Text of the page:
Eating Solitude
(Thoughts of A Hungry, Solitary Traveler)

Note: This is a lengthy, reflective piece, a personal attempt to thresh out issues I faced during my month of travel. It is deliberately written so as not to reveal specific locations and thus, no real names and addresses are given. I recommend reading this when you’re relaxed and have the time.


The lobster corndog is as soft as her words are biting. I don’t want this meal to turn into a feast of recrimination so I let her talk. I dip one dog into the accompanying sauce of whole grain mustard melded into crème fraiche. I like its temper of tang caressed by smooth and the bonus of mustard seeds flitting through my teeth. I sip my Cosmopolitan, feeling the fragility of the glass’s stem. It’s as fragile as I feel right now.

There’s a reverent lull in conversation once the foie gras PB&J arrives. Ah, foie gras. Resistant to teeth but submissive to tongue, it possesses a firm but melting texture – how is that possible? Foie gras has a feral flavor but it’s faint here; instead, it forms an alliance with the pistachio crust it lays on and its ravishing strawberry gelée atop. The studied carelessness of the pistachio butter swipe on the plate invites just that, so I swipe my finger into it and taste. It’s creamy and subtly nutty and assuages more than just my hunger.

A traveler brings on her travel many hopes, the solitary traveler even more so. I’m on this trip because I’m in search for stimulus. And I’m looking for something, although what that is exactly, I don’t yet know. I wish this trip to be the culmination of my current contemplations and fever dreams.

At a restaurant, I’m reminded that seemingly simple intentions can have complex underpinnings. In a black melamine bowl – really, why not a lighter-hued receptacle instead? – sit roasted dates. Their bodies are swathed in bands of bacon, and seemingly inconsequential ingots of parmesan peek out from between. It begs to be picked up with fingers so I obey.

I bite down on sweet succulence and feel myself fall limp. The date’s sticky smokiness echoes the bacon’s own, which ring in its inherent saltiness resounding that of the parmesan’s. I eat another. Then another. It’s too good, it feels almost illicit.

New emotions explore my every moment as I continue on my journey. Around me, people are tethered to their hands-free headsets and iPads; the elixirs of their lives are their iPhones (almost always black in color, but the super hip have white). I have neither. The buzzing liveliness of the neighborhoods I walk through is my soundtrack, the conversations I have are face to face. What I am right now is a student being taught a multitude of lessons on her travels. So I’m learning to trust my judgment.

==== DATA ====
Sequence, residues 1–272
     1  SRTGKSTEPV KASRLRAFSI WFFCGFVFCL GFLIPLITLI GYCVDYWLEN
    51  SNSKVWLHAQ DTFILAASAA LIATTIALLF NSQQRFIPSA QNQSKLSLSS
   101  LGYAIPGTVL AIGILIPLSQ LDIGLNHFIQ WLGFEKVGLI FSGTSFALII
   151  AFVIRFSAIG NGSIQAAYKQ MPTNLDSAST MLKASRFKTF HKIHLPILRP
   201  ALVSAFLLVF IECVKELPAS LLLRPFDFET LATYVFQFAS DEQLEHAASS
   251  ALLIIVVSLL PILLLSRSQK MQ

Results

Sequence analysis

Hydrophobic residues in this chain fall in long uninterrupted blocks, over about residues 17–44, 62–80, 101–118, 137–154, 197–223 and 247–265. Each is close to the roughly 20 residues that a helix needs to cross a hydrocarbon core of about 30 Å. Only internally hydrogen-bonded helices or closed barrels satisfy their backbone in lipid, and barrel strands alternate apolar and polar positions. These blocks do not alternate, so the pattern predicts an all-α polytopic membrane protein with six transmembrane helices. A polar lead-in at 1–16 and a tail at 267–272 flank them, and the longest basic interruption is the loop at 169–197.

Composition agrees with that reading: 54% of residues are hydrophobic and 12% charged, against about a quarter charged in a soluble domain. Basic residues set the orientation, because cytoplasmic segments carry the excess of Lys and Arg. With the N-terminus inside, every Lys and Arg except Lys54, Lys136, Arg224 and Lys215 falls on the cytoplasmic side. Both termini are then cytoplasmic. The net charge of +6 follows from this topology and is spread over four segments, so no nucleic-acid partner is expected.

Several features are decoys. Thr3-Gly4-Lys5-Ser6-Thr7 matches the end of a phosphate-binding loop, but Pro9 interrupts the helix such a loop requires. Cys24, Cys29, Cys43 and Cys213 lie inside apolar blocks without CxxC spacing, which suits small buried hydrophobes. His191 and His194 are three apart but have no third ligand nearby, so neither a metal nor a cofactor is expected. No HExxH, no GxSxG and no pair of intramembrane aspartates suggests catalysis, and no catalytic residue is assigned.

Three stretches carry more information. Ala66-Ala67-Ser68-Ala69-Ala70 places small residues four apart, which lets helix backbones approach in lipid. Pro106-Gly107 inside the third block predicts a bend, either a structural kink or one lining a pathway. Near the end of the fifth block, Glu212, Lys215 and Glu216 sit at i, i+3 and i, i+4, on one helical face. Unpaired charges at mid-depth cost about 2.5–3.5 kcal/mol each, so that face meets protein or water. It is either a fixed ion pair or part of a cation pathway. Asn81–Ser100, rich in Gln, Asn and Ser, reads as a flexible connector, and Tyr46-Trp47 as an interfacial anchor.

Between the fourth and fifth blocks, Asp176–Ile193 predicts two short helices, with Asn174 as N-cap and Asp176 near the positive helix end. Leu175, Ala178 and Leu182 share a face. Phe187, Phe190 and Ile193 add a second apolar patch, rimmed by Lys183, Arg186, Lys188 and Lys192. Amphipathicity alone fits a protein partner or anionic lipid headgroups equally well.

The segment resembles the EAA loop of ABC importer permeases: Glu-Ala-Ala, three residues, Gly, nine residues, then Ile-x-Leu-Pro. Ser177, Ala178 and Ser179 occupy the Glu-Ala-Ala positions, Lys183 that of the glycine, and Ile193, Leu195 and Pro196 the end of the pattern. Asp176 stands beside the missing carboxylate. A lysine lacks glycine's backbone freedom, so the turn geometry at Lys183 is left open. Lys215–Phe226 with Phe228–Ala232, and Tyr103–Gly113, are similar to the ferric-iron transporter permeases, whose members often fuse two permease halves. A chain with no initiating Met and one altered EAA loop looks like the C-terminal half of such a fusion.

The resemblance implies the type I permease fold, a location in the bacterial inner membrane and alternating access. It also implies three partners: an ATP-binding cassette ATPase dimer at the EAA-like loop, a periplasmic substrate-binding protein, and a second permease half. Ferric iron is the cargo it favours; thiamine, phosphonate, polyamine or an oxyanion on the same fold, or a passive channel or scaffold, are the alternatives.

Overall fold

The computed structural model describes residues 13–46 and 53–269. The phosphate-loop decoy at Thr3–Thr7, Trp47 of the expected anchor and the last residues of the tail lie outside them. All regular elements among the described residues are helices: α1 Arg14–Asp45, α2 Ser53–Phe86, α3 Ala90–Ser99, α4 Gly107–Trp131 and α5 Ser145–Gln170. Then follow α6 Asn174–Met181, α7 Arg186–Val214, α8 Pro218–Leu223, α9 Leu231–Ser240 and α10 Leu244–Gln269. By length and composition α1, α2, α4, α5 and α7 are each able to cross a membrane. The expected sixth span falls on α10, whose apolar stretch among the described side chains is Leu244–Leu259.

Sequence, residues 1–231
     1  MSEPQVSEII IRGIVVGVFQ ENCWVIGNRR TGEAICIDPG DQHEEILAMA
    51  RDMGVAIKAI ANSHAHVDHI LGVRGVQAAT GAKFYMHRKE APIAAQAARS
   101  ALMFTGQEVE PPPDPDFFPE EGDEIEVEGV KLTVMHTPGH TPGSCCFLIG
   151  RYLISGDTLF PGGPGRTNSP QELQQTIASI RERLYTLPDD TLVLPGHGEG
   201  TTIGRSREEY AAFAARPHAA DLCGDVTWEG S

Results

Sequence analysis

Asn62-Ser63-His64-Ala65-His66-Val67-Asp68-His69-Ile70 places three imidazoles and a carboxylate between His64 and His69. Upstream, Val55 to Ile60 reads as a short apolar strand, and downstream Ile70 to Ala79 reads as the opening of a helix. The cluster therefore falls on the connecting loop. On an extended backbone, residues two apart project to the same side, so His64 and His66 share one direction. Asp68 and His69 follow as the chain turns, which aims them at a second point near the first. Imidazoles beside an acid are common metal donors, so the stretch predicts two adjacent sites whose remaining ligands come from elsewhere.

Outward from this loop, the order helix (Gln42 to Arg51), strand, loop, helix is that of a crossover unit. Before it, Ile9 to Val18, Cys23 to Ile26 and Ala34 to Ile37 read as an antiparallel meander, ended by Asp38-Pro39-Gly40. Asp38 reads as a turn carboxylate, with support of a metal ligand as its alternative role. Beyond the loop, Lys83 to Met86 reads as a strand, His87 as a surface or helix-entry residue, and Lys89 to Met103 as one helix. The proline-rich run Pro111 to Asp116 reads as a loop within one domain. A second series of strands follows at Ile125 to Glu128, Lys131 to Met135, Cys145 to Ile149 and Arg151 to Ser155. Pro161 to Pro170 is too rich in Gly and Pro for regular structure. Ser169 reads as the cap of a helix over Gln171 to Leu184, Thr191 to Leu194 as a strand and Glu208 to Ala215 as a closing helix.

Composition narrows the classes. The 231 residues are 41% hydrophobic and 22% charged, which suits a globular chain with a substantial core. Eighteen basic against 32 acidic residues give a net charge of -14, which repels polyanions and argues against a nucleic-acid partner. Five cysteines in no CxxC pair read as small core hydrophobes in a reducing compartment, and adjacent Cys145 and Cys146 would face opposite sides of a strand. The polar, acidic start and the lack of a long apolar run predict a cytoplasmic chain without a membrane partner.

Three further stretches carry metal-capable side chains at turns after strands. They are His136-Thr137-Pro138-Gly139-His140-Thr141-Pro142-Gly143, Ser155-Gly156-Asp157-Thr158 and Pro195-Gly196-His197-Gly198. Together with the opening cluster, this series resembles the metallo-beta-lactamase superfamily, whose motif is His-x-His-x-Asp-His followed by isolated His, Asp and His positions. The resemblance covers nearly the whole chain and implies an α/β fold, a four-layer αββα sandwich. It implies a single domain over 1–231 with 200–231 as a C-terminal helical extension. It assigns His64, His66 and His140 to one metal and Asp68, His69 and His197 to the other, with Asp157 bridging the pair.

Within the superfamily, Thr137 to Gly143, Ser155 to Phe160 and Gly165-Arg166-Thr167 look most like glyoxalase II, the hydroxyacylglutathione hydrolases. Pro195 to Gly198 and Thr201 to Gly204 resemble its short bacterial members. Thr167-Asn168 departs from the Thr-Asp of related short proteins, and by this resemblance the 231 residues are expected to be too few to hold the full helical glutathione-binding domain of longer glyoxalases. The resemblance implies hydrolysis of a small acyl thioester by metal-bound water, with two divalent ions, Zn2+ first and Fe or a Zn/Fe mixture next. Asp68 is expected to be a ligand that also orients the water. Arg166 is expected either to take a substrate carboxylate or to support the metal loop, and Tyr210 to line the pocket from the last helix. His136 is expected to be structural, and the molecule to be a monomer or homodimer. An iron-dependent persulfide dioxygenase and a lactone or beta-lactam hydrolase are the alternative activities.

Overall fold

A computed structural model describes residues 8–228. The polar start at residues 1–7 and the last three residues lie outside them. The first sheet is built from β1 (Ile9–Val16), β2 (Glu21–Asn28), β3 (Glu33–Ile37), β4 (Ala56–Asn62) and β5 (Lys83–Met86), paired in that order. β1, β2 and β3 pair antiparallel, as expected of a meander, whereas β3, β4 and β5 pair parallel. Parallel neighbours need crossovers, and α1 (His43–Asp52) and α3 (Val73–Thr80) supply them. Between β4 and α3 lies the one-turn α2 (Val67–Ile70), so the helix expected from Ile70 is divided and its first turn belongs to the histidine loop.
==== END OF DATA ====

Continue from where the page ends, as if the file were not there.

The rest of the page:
I remember the Choose Your Own Adventure books of my youth where one decision would impact the protagonist’s fate. I wryly remember peeking ahead and being able to ascertain from these sneak peeks how the ending would turn out. Too bad it’s not like that in real life I muse as I nibble on a cheese wedge that I’ve dipped into wild honey still oozing from its honeycomb. I’ve always adored these charcuterie boards because of the possibilities they present: pair salami with cheese – but which cheese? Every cheese yields various, resultant flavors depending on what it’s paired with. Or will I consider the dates and melon finished with a bite of sourdough rye? But say nothing of the rainbow of pickled vegetables because they’ll go only with the burrata and cranberry whole wheat raisin walnut batard topped with mustard-laced prosciutto. Unlike Choose Your Own Adventure books and charcuterie boards, there’s no peeking ahead to see what life has in store for me.

As is true when I rip myself out of my familiar, my senses are on high alert, my experiences run in Technicolor and High Definition. My attention becomes so sharp that every taste, sight, emotion, and motion hits me with a gasp. As such, when happiness appears on this trip for me, it is unrepentant and I revel in it. Warm sea urchin (uni) sits on a gilded glory of mashed potatoes. It’s an island unto itself – no, a peninsula of pleasure for it juts into a sea made of lemon beurre blanc heightened with fines herbes pocked with crab. Thick enough to coat my spoon but neither chowder nor soup, it’s so va-va-voom velvety that I’m shocked to hear that my voice has seemingly dropped an octave when I open my mouth to speak. It’s unceasingly amusing to me that the bistro bills this dish under “Appetizers.” I agree, there can be no foreplay more devastating than this.

Other times I find my rapture in bread. I wrench out the doughy arms that jut from a finely-formed ficelle or liberally dip slices of a pain au levain into olive oil, a vista of glistening green on which I scatter needles of rosemary and bullets of sea salt, salty stopgaps to plug my wayward fits of grief.

Another time, I’m overjoyed to be introduced to sweet potato fries. My mind retorts, “Oy, kamote fries lang iyan, ‘day!” I have an undying love for sweet potatoes, any and all kinds. But I’ve never had them like this before. Long, Crayola-orange fingers with ooh-ouch-hot crispy exteriors give way to mealy insides still steaming. And the carnival of dipping sauces that come alongside? This is pure serotonin with aioli on top. Forget Prozac, give me my sweet potatoes.

Oyster stew is something that I’ve only read about in my cookbooks. And when it’s in front of me, it’s one of those rare pleasures where the fantasy lives up to the reality. Oysters engorged with brine and the allure that allows them to be called aphrodisiacs are awash in a creamy dream forged with foam and flashes of thyme. The broth is riddled with reams of bacon, their breath abounding and adding to the enchantment of it all.